Climate For All

An All Around Science Blog

What Alarmists Are Saying

So, I found this little gem today while going thru my daily search routines.

Coral reefs will dissolve within 100 years in acidic seas, say marine experts

By David Derbyshire In San Diego
Last updated at 10:37 AM on 23rd February 2010

The world’s most stunning coral reefs will have dissolved within 100 years, a new study claims.

Scientists say rising levels of acid in the seas and warmer ocean temperatures are wiping out the spectacular reefs enjoyed by millions of divers, tourists and wildlife lovers.

The destruction would also be a disaster for tropical fish and marine life which use coral reefs as nurseries and feeding grounds.

Dr Jacob Silverman, from the Carnegie Institution in Washington said rising levels of carbon dioxide in the atmosphere were making seas more acidic.

His studies suggest reefs stop growing and start breaking up when the amount of the greenhouse gas reaches twice its pre-industrial level.

If current trends continue, this is expected to be by the end of the 21st century.

‘These ecosystems, which harbour the highest diversity of marine life in the oceans, may be severely reduced within less than 100 years,’ he said.

Reef-building corals are highly sensitive to the acidity and temperature of the seawater in which they grow, Dr Silverman told the annual meeting of the American Association for the Advancement of Science in San Diego.

Oceans soak up carbon dioxide greenhouse gas from the atmosphere, but in doing so become more acidic.

When the acid levels rise too high it prevents coral from extracting minerals from seawater to build their hard skeletons.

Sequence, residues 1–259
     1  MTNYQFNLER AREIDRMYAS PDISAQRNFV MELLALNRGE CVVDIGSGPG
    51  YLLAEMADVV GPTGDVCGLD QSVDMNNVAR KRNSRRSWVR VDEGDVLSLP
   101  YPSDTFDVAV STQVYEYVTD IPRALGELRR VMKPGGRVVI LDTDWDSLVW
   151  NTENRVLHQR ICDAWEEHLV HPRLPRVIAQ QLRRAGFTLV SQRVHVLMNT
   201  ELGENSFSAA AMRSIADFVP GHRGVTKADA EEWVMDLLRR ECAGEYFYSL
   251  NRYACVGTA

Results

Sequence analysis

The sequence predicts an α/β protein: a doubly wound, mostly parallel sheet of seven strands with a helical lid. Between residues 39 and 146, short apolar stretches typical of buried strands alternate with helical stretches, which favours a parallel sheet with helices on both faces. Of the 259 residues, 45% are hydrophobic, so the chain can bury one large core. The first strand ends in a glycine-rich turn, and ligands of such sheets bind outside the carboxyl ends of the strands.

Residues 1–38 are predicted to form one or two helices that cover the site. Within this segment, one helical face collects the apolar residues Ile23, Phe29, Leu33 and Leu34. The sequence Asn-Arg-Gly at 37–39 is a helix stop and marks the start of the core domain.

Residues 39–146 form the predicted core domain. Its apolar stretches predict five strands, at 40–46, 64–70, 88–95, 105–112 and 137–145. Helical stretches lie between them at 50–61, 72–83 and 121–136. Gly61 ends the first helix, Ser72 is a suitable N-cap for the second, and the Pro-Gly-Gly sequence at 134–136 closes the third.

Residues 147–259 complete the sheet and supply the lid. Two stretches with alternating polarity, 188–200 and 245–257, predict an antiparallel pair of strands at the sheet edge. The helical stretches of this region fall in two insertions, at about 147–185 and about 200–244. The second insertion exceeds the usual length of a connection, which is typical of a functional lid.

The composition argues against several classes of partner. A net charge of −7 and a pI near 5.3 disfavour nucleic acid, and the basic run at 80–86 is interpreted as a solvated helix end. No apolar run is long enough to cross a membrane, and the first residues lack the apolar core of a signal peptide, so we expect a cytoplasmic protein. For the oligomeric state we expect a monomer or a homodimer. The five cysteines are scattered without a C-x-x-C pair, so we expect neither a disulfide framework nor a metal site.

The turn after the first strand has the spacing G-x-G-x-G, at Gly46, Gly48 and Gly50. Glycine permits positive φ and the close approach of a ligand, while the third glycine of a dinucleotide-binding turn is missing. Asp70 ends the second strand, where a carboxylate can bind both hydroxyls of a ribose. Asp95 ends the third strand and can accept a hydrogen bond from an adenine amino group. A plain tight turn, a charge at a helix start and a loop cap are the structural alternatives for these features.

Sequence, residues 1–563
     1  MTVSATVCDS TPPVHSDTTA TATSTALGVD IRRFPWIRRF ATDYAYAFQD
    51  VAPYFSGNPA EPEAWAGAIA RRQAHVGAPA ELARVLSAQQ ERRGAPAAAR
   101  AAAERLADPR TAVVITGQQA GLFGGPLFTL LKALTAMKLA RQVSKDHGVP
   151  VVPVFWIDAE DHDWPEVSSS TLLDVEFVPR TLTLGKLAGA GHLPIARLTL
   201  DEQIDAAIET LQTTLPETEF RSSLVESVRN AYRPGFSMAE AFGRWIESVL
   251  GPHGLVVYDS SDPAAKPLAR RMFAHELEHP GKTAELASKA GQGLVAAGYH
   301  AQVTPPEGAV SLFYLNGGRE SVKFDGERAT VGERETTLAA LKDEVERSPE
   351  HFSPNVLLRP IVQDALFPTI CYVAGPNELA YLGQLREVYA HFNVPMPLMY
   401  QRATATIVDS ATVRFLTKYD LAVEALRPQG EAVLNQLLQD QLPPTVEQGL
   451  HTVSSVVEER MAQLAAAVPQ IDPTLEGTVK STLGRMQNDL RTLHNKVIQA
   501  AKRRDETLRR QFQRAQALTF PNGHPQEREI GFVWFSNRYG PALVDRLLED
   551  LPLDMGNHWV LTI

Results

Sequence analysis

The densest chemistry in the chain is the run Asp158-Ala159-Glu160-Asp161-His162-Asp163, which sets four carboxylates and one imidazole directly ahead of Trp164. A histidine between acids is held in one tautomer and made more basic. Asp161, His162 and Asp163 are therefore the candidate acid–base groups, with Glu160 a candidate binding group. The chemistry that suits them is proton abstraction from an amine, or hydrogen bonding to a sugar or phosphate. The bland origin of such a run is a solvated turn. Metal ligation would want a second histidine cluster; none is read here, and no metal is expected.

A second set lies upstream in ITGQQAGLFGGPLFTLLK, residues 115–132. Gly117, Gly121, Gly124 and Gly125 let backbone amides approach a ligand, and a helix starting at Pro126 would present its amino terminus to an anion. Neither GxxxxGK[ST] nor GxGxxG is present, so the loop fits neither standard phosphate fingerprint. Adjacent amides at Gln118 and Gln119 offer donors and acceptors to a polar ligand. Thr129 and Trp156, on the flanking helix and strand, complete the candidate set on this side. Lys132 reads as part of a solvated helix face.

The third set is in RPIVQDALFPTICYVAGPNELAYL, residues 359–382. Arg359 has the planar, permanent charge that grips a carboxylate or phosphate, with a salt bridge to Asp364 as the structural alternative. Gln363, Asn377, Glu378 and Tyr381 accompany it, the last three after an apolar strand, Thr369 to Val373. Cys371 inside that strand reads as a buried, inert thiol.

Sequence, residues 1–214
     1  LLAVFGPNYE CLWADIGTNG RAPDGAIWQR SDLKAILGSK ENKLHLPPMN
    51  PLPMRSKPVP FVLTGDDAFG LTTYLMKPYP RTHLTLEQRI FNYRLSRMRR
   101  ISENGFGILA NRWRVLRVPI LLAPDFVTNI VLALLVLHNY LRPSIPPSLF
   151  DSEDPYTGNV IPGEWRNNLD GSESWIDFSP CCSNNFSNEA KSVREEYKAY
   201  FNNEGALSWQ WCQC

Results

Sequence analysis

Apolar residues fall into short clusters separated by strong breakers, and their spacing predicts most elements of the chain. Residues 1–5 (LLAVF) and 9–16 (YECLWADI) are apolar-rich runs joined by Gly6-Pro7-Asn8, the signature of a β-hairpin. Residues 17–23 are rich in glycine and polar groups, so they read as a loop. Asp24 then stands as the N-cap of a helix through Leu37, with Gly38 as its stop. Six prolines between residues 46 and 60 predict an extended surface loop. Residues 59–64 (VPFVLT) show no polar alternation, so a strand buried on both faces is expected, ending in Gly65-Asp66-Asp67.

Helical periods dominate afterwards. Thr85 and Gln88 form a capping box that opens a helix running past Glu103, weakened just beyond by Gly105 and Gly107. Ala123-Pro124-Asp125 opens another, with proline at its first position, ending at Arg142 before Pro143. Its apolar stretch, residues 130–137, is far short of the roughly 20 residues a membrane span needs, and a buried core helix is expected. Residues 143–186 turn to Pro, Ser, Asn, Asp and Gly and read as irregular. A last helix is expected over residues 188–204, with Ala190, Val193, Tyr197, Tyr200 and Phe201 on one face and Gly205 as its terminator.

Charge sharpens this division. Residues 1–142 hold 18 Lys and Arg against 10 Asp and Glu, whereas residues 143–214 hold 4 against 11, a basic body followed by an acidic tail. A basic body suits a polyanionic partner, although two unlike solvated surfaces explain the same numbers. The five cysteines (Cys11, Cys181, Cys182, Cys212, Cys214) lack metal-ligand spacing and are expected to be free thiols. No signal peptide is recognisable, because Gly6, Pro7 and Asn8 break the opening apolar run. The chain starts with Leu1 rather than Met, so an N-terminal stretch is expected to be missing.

Dr Silverman’s team studied the metabolism of a northern Red Sea coral reef to work out how sensitive it was to changes in the climate.

The research showed that the ability of the coral to build new structures depended hugely on water acidity. Sea temperature played a smaller role.

Dr Silverman said: ‘A global map produced on the basis of these calculations shows that all coral reefs are expected to stop their growth and start to disintegrate when atmospheric carbon dioxide reaches 560 parts per million – double its pre-industrial level – , expected by the end of the 21st century.’

Another speaker at the meeting highlighted a second threat to coral linked to global warming.

Dr Simon Donner said increasing ocean temperatures made reefs more susceptible to bleaching, caused by the loss of algae on which coral depend.

Corals have a symbiotic relationship with the microscopic algae that live in their tissues.

As well as giving coral its vibrant colour, the algae provide the reef creatures with most of their energy.

When sea temperatures rise too high the association between coral and algae breaks down. The coral then effectively expel the algae and turn white. Once this happens the coral is deprived of energy and dies.

Dr Donner, from the University of British Columbia in Canada, said: ‘Even if we froze emissions today, the planet still has some warming left in it. That’s enough to make bleaching dangerously frequent in reefs worldwide.’

Mass bleaching events were extremely rare 30 years ago but had become increasingly common in recent years, he said.

In 2006, severe bleaching struck the southern part of Australia’s Great Barrier Reef, the largest coral reef system in the world.”

My O My O My!

Its been stated that the ocean heat has been subsiding for sometime now. Over at Watts Up With That, Bob Tisdale wrote an article about cooling ocean temperature trends. And here is a graph of that trend:

Now, While I think that there can be disturbing anomalies of coral reefs, the continued misdirection of scientists that still feed at the trough of the global warming band wagon, and the journalists that write about them has all but worn out its welcome with me.

It really is time that both sides of the story was told and not the one that main stream media portrays.


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